[posted by Karen Savage on Climate Liability News, March 26th, 2018] A Canadian legislator introduced a bill on Monday to protect Ontario residents from the costs of climate change-related damages and to make it easier to force fossil fuel companies to pay for infrastructure improvements needed to protect communities from climate impacts.
“This act will give Ontarians the legal means to seek compensation from the world’s major polluters for their fair share of those costs,” said Peter Tabuns, a Member of Provincial Parliament (MPP) representing Toronto-Danforth, who introduced the bill.
Known as the Liability for Climate-Related Harms Act of 2018, Tabuns said the bill is similar to tobacco liability legislation used to hold tobacco companies liable for the health costs of tobacco use.
“This bill defines the nature of evidence to be produced and it simplifies this whole action,” said Tabuns, who said the bill is structured to assume strict liability on the part of producers.
“There is an assumption in this bill that climate change is caused by man-made action—the emission of CO2 into the atmosphere—and it sets a threshold for determining whether a particular event has caused damage,” said Tabuns, adding that the threshold would be consistent with the one established internationally.
“This Bill appears to be the first in the world to directly impose strict liability—liability without proof of fault—on fossil fuel companies for climate impacts,” said Andrew Gage, staff lawyer for the West Coast Environmental Law Association (WCEL), which endorsed the bill.
In 2015, WCEL and the Vanuatu Environmental Law Centre co-published Taking Climate Justice Into Our OwnHands, which highlighted the legal authority of legislators to enact climate compensation laws like the Liability for Climate Harm Act.
“That legislation was enacted because tobacco companies knew about the addictiveness of cigarettes and the health damages they caused, they deceived the public by misrepresenting the risks, they failed to warn the public about the dangers of smoking and they did not take all available steps to reduce the risks caused by their products—all of these things are true with respect to fossil fuel companies and climate change,” said Stewart, adding that investigative reporting has revealed the extent to which Exxon and the oil industry engaged in climate deception.
According to Stewart, lawsuits and other actions—such as the legislation being introduced today—are being driven by the ability of scientists to pinpoint the contributions of individual companies to greenhouse gases in the atmosphere and to establish a causal link between burning of fossil fuels and impacts like sea level rise and the severity of individual events, such as the massive floods in Houston last year during Hurricane Harvey.
“Increasingly, people are going to find they aren’t going find to be able to obtain insurance against flooding risk—right now, that’s your tough luck,” said Stewart, who added that if passed, the bill will change that by making it easier to hold accountable the companies that played a significant role in climate change.
Kristin Casper, litigation counsel for Greenpeace’s global justice and liability campaign, said the bill is about protecting communities.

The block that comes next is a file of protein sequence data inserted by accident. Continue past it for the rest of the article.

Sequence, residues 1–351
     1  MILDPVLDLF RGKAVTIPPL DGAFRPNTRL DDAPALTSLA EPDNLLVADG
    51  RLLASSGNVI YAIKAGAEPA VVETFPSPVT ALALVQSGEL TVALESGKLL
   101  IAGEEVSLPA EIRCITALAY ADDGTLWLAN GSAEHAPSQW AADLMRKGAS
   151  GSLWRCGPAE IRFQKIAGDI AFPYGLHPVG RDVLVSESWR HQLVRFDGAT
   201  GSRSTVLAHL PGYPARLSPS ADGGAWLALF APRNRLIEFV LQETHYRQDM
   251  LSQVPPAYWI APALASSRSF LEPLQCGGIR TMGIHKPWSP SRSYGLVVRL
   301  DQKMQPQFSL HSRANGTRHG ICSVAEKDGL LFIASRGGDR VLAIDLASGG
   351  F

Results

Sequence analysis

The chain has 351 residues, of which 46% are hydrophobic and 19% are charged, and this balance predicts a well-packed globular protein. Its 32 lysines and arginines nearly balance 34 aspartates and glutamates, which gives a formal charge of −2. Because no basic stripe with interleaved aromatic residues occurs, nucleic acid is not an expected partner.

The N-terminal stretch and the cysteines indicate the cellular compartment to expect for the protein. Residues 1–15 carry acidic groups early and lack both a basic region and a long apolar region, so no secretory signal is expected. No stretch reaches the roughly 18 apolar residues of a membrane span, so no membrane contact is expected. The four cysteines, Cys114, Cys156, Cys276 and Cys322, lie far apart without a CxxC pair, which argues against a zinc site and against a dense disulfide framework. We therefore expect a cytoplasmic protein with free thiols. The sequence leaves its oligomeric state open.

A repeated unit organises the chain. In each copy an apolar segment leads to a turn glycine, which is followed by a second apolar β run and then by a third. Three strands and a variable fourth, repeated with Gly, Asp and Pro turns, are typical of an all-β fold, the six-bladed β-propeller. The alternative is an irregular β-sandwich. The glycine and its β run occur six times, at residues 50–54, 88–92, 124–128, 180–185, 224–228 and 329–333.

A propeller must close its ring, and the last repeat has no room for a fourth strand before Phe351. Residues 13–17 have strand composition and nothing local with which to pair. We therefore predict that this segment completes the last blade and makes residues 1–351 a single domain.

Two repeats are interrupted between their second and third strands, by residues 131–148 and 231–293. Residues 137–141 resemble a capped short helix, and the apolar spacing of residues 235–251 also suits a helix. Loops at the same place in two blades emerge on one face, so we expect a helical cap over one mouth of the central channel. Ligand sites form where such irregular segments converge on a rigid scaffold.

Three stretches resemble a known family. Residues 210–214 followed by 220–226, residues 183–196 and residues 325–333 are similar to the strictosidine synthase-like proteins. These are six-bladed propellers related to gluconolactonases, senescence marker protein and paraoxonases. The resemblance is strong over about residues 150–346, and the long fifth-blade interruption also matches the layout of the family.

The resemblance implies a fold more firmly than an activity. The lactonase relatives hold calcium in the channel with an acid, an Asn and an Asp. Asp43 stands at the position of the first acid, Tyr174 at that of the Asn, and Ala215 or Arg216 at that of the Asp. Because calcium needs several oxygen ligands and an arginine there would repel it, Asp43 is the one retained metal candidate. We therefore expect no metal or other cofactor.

“We need this type of legislation to make it easier for people who are being harmed from climate change to hold big polluters accountable so that they pay their fair share for protecting our communities,” said Casper.
“There is a wave of climate lawsuits sweeping the world and today there is an opportunity for Ontario to take the lead in proactively addressing the inevitable and massive costs of climate change,” she said.
Municipalities in the United States from New York City to California have filed climate-related suits against fossil fuel companies. Additionally, 21 young people are suing the U.S. government in the landmark case Juliana v. United States for violating their right to a safe and livable climate. Related legal actions are taking place in Ireland, Peru and the Philippines.
“Climate change is already underway, but because of the inertia of the climate system and the delayed response, it is today’s young people and their children who are most threatened,” said Dr. James Hansen, professor and director of the Program on Climate Science, Awareness and Solutions at Columbia University, whose granddaughter is one of the Juliana plaintiffs.
“Actual phase-down of carbon emissions and justice will only occur when fossil fuel companies must pay for costs of climate change so they have incentives to become clean energy companies,” said Hansen, former director of the NASA Goddard Institute for Space Studies, who called the bill to protect Ontarians an important step in the right direction.
Tabuns, a former executive director of Greenpeace, said no one has calculated the total cost of climate-related damage to the province, but that storm damage in Ontario exceeded $1 billion in 2013 and costs to protect the province from future damages are expected to run well into the billions.
“The world’s largest fossil fuel corporations have to start paying their fair share of the damages that are going to be inflicted by climate change and they also have to pay for the steps necessary to protect people from those climate damages,” said Tabuns.